Inoue-Smith Publishes Book of Tanka Poetry
|Dr. Yukiko Inoue-Smith|
Dr. Yukiko Inoue-Smith, a professor of educational psychology and research at the University of Guam School of Education announces the release of her new poetry book, The Inescapable Seasons of Life – Expressing the Modern Soul in an Ancient Poetic Style.
The book, written in a classic Japanese poetry form called tanka, is published by JustFiction Edition.
About the Author
Yukiko Inoue-Smith, PhD, a professor of educational psychology at the University of Guam, has been extensively involved in work with tanka. Many of her tanka poems have received awards. Yukiko has been contributing her tanka poems to a local newspaper since 2011. Her tanka books recently published include The Shape of Love and Do Cats Dream?
About the Book
Compared to haiku, Japan’s oldest poetry genre called “tanka” (or “waka” traditionally) is not so familiar with people in the United States or rest of the world. In recent decades, however, tanka is becoming increasingly popular among Western readers, presumably because they recognize that this poetic style provides an ideal format and length for expressing their emotions.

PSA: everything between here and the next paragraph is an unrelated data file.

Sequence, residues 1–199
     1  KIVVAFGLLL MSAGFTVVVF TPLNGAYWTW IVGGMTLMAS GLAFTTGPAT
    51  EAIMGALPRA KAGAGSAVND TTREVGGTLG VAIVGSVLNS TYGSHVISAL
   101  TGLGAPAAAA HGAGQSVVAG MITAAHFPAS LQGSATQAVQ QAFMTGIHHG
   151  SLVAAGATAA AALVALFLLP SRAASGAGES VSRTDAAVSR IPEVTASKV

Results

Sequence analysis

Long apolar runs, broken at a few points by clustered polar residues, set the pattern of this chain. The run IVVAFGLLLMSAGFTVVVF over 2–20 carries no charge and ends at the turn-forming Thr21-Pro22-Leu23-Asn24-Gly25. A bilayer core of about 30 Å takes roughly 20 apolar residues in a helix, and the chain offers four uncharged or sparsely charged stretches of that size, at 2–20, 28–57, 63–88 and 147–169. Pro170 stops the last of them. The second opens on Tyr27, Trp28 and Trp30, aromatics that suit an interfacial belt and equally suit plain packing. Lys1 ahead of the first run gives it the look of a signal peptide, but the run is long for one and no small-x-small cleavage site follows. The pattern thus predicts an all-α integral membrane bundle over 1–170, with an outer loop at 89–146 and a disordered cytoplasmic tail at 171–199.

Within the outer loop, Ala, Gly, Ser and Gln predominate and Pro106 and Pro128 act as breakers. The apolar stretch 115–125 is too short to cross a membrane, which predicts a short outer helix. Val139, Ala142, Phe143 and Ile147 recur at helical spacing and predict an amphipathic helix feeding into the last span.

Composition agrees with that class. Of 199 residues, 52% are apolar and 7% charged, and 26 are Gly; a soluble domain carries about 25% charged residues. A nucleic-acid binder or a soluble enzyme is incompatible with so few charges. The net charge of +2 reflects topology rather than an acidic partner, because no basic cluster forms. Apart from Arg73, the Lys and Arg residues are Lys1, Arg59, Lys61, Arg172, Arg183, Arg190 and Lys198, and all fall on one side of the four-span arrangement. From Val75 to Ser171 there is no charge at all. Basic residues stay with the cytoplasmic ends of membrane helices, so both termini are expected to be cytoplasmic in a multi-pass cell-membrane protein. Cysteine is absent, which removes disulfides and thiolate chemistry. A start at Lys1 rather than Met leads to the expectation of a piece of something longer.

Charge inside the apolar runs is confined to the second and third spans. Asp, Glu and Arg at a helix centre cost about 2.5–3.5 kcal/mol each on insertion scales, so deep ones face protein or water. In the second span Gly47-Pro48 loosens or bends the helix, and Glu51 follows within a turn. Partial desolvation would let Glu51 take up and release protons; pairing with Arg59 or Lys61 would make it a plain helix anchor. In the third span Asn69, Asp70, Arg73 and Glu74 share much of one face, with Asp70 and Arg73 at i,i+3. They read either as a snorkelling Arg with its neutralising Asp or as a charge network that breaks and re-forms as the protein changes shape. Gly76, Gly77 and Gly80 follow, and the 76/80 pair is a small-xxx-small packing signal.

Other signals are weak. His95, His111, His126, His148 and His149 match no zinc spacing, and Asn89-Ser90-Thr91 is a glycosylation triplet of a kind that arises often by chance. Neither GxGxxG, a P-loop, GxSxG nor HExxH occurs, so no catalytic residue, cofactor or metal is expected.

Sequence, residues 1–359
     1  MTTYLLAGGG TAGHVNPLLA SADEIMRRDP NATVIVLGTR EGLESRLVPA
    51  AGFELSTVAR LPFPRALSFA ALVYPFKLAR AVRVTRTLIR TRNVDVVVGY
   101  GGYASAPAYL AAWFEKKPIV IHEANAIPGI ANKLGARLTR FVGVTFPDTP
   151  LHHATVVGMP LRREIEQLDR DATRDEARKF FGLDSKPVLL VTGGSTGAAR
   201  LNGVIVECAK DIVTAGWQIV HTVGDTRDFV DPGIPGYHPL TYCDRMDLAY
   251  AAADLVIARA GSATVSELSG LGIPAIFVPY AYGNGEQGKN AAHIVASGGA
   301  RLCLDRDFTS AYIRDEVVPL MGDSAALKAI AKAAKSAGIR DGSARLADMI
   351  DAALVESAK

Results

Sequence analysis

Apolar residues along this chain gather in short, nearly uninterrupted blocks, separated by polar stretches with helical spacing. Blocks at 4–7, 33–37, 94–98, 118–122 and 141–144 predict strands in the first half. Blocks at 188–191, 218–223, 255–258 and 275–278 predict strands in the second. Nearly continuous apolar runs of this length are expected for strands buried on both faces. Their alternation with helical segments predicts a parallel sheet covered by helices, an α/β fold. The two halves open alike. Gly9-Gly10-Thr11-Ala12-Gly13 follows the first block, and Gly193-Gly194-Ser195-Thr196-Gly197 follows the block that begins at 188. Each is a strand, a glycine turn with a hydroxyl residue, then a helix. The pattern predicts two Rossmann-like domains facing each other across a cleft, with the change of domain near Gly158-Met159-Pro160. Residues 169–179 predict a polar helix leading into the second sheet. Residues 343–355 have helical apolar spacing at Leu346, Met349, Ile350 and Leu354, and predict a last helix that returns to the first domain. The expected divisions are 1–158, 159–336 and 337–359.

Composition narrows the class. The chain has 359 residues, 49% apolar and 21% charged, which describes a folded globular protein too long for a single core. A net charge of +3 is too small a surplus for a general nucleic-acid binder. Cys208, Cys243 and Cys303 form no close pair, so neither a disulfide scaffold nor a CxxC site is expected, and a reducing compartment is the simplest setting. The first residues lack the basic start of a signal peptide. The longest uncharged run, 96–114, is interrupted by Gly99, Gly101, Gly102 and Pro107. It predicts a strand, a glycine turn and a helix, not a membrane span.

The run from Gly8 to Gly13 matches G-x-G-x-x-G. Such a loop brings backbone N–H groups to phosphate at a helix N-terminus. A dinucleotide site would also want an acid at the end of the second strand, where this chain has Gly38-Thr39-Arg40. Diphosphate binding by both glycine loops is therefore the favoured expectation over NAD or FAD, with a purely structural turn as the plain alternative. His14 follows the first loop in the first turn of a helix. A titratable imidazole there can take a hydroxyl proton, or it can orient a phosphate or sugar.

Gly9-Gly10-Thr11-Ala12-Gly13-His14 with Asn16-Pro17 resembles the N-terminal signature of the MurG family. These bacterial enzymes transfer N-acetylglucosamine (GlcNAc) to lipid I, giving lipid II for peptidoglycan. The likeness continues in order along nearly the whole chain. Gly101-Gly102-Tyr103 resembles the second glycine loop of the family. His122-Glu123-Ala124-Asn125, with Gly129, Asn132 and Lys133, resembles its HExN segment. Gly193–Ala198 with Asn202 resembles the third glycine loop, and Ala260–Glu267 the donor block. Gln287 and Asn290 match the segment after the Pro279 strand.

Tanka poems written in Japanese are tiny verses of thirty-one syllables in one straight line. But, in English and other languages, it is often written using five lines. For an English language tanka, requirements are not so strict. The challenge is how to use a few words effectively: exactness and concrete image are essential elements of composing tanka. More than in haiku, tanka requires a sense of verbal rhythm and musical flow which encounters in English poems. Finally, tanka conveys its meaning or a feeling by implication, in symbols, or by allusion. This is “yojo”— the soul of tanka.
By Yukiko Inoue-Smith (April 2018, JustFiction Edition)
“Escape. This is one of the themes that appears most frequently in my tanka poems…the seasons of the human world imprison us. We are held by an invisible chain—thus we suffer and struggle …. Each of us experiences a sort of desperation in daily living…” (Excerpt from the Preface)
rainbow blurred and
the moment I looked back—
my past can never be erased